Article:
A recent study has discovered, the modern Western diet—high in processed and fried foods, simple carbs, sugars and unhealthy fats—can set you up for depression, anxiety, and mood swings. How to uplift your spirit with foods? Here are six truths about boosting your mood with foods.

1. That caffeine high is real. If you feel that your morning coffee soothes your soul, it's not your imagination: A large 2011 study from the Harvard School of Public Health found that women who drank at least two cups of coffee regularly had a 15 percent lower risk of depression than those who didn't drink any coffee—and their risk decreased by 20 percent when they downed four or more cups of joe a day.

2. Fat can feel great. Fat gives us that unparalleled satisfaction because it slows digestion, producing a calming, blood-sugar-evening effect. But a comprehensive review of studies comparing the incidence of mood disorders in several countries found that eating at least two seafood meals per week—high in omega-3 fatty acids, specifically—was associated with lower rates of depression and other emotional disorders. Other research backs this up, showing that people with low levels of omega-3s may be at increased risk of anxiety and depression, likely because these fats help maintain function in areas of the brain responsible for regulating mood and emotion.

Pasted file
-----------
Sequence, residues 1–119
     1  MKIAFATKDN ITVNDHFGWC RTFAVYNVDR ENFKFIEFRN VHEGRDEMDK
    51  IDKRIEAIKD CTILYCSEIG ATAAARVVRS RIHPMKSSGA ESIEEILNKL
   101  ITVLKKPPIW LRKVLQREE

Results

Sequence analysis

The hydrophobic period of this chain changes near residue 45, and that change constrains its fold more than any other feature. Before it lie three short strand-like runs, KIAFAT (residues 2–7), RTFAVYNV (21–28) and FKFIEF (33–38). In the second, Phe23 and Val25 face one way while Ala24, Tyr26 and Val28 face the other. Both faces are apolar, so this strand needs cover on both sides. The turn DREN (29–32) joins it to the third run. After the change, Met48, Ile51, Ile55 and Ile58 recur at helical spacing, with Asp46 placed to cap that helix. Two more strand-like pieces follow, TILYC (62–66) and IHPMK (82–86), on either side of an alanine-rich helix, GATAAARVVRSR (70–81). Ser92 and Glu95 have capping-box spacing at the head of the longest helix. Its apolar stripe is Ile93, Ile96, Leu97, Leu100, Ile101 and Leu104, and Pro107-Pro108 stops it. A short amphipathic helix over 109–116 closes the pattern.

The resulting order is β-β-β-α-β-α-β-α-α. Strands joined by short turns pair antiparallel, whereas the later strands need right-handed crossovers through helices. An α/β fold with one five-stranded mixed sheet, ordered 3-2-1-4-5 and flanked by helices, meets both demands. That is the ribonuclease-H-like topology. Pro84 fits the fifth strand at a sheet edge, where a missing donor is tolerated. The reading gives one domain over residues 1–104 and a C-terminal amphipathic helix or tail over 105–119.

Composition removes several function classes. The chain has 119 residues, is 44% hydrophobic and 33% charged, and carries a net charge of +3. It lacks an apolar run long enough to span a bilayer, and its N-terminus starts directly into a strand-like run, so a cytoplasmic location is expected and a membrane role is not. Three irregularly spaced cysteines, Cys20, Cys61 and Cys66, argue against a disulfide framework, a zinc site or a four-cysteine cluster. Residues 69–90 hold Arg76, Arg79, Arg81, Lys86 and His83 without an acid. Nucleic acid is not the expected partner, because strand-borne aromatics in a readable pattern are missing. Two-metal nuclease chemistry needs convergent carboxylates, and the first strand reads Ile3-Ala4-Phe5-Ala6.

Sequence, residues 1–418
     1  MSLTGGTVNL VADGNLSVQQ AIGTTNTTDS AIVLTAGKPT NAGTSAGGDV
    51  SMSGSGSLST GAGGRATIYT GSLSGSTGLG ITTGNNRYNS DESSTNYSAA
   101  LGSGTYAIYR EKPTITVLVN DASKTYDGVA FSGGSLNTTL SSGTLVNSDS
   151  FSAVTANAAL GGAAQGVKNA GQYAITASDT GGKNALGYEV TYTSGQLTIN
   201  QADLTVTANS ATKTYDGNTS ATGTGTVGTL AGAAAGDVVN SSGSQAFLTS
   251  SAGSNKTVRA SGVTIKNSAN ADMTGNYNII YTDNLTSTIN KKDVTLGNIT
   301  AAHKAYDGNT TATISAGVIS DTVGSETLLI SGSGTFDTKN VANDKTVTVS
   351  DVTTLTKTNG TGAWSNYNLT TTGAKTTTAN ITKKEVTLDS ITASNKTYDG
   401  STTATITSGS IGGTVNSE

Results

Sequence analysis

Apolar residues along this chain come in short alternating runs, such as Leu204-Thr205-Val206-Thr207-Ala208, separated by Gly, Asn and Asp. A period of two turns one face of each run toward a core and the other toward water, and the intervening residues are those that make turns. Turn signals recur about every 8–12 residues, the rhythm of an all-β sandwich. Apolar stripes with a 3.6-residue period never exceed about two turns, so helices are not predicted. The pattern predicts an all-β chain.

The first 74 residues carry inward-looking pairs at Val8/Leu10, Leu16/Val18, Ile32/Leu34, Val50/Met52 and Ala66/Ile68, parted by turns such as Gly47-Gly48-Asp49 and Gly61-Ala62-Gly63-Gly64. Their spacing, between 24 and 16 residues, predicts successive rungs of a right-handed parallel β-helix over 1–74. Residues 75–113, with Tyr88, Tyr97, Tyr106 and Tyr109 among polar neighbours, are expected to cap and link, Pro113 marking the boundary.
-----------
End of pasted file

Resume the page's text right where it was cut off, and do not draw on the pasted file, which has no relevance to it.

3. Carbs are crucial. It's late afternoon, and all you can think about are the treats in the vending machine. That's thanks to a drop in the feel-good brain chemical serotonin, which can lead to that 4 o'clock mood slump some of us experience every afternoon.

4. A bliss trip needs tryptophan. The stuff originally thought to make you sleepy after Thanksgiving dinner is now believed to be a key to calm and happiness. In order to make serotonin, you need tryptophan, an amino acid that your body can't produce on its own, so it must be obtained from food—such as poultry, beef, eggs and nuts.

5. Happy salads have spinach. You can give your lunch a brain-friendly shot in the arm by trading the romaine lettuce for spinach, which provides more of the B vitamin folate per ounce. Higher concentrations of folate in the blood are linked to a decrease in negative mood, clinical depression and fuzzy thinking.

6. Go east and your mood heads north. Spice is nice—as in, it can make you a nicer person! Curcumin, a staple in Indian curries and the pigment responsible for the bright yellow color of the spice turmeric, has natural antidepressant qualities and has been shown in animal studies to protect neurons from the damaging effects of chronic stress. Other animal research has linked curcumin to an increase in the brain chemicals serotonin and dopamine, both key components of a bright outlook.